Thought Piece

When reviewing the subject of the course I am reminded of when I started to research something a while back. I started writing and entry for my blog on whether the “Digital Revolution” was really or not a revolution that lead to a bigger philosophical question of other revolutions throughout history. Then, I started to ponder the question about revolutions in general. What does it take to make enough people to take the big jump to start the revolution?

The larger question that also I keep asking myself if it was considered before a revolution begins: “Will the king end up dead, and do we really care?” I then proceeded to start an introduction that was never finished. It is suited to be used here since these are some of the questions that I am hoping to be able to answer by taking this course.

Over the course of recorded history, revolutions have changed the course of the future to countless Peoples. To these ends certain questions would be asked, and answers pondered. The first question is why would people change the comfort of the things as they are to instate change. How bad do things have to get for revolution to happen? What is required to meet that turning point? Does success or failure matter at the turning point of the situation? Is an end game plan necessary to avoid a splintering of the effort? How far can it be taken before it becomes a “bad” regime? What justifies a revolution?

Out of curiosity some of the situations that fascinate me include the French Revolution, Bolshevik Revolution, the military coupe in places like Uganda. I am also extremely curious about events like the “5 October 1910 revolution” in Portugal and others the ended eras monarchies, more to ask of what caused to people to flip and change to the conventions of centuries of orders.

I think that a revolutionary is a person that wants or needs change. Perhaps it could be a forward seer or one that sees the winding path up the steep rocky mountain to the peak of hope. Whereas, a radical would be someone who wants change and does not need the slimmer of success. I think of a radical as one that antagonizes others or one that will do anything for their cause without thinking the situation through.

From my experiences during a Student Debt rally during budget day in 2002 outside the Legislative Assembly in Fredericton I think the “Big angry shouting mob” as the revolutionaries where especially the 150 or so that sat in the Member of Parliaments office for an hour, where the radicals were the 20-30 that started to shake Minister Margaret-Ann Blainey’s truck as she was drive to the Legislature as we were parading. Or the guy that climbed the flagpole and cut part of the flag off to symbolize getting our fair share.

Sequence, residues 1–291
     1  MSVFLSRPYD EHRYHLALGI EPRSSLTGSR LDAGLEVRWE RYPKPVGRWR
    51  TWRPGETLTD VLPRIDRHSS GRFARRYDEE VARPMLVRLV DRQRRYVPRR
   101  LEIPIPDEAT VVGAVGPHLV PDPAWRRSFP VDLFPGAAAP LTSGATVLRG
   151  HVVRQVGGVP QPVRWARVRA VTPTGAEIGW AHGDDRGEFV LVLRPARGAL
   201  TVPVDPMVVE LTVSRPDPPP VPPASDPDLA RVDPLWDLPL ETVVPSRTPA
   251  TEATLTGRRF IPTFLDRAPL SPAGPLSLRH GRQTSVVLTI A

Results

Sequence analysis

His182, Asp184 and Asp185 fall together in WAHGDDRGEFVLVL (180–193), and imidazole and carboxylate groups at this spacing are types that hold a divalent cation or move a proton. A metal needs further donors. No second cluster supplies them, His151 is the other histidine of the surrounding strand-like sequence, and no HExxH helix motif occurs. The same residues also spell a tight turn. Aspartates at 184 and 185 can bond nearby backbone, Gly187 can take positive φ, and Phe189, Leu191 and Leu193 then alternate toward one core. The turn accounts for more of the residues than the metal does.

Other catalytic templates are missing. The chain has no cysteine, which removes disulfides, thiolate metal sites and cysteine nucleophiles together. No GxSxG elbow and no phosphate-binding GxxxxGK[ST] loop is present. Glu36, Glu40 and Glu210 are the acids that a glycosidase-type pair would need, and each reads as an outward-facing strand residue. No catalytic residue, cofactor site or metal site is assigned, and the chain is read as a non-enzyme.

Radical seems to defiantly be negative term, mostly since it gets intertwined often with a fanatical or terrorist, or freedom fighter. Whereas, revolutionary does not seem to be as bad. Revolutionary is a good person in my perception as they are looking for the change. The revolutionary does not even have to really believe in the cause they just have to believe that doing something is better than doing nothing. Some examples of revolutionaries that I feel made a large difference would be Dr. Martin Luther King Jr. in the United States of America, Mahatma Gandhi in India, and Nelson Mandela’s movement in South Africa. A radical, is more of having nothing to lose, or not really caring about what they would lose by a fanatical belief that their God told them it was a good idea.

From my past being in University during the aftermath of September 11th and over analyzing what a terrorist is, I would say that a Radial could be a terrorist, but does not have to be a terrorist. The persons living in fear may be limited to those in the highest power. Do you think the common people during the French Revolution lived in fear, no! They were part of the angry mob.

Then again, it seems that the revolutionaries could not be terrorists if the “Angry Mob” is the majority of the population. Using the terms as extremists would seem to fit more of the radicals, but the King or those in power could also be the extremist resulting in the cause of the average person of the population becoming a revolutionary, or depending on haw bad the conditions were a radical.

I think revolutions are very good and necessary. It interests me when governments do whatever it takes to keep power and how far they will go. Some prominent recent examples would be Adolph Hitler in Germany, Ide Amin in Uganda, or Vladimir Lenin in the Soviet Union. The necessity or desirability depends on what the majority of the population feels on the status of the current government, regime, or system. Including those that don’t care or don’t take sides. If the government is doing well, the population is doing well, and the economy is doing well then there is no reason to change. Change for the sake of change cannot be guaranteed to be good or bad in the end.

I think it is when peoples’ lives become so intolerable are usually because external forces be it an oppressive or uncaring overlord or natural condition and offered no help there is nothing else to lose. It is like backing a wild animal into a corner, it has nowhere to run but to attack. Sure they may lose everything, even their lives they feel it is more productive for the whole then to find a corner and kill themselves to make the emotional pain go away.

As, I was writing this it seems that losing everything may go beyond religion. Religion is what people turn to during the bad times, to make them feel better. Losing everything must also mean losing sight of the beliefs that keep you warm at night turning one into a radical, where a revolutionary changes their belief to better their situation. Perhaps a revolutionary has not lost their beliefs and morals then, they just decide that the hope of better is greater than the cost of what would be lost.